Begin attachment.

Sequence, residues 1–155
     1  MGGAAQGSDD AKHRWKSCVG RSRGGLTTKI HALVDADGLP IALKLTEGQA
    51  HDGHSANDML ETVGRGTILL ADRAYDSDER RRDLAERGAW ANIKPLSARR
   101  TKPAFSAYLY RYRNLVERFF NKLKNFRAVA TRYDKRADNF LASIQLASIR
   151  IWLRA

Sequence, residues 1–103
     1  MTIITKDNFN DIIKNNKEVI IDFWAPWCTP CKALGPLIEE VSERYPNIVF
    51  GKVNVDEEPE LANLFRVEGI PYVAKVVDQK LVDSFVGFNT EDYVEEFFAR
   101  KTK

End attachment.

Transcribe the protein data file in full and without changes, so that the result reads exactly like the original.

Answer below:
Sequence, residues 1–155
     1  MGGAAQGSDD AKHRWKSCVG RSRGGLTTKI HALVDADGLP IALKLTEGQA
    51  HDGHSANDML ETVGRGTILL ADRAYDSDER RRDLAERGAW ANIKPLSARR
   101  TKPAFSAYLY RYRNLVERFF NKLKNFRAVA TRYDKRADNF LASIQLASIR
   151  IWLRA

Sequence, residues 1–103
     1  MTIITKDNFN DIIKNNKEVI IDFWAPWCTP CKALGPLIEE VSERYPNIVF
    51  GKVNVDEEPE LANLFRVEGI PYVAKVVDQK LVDSFVGFNT EDYVEEFFAR
   101  KTK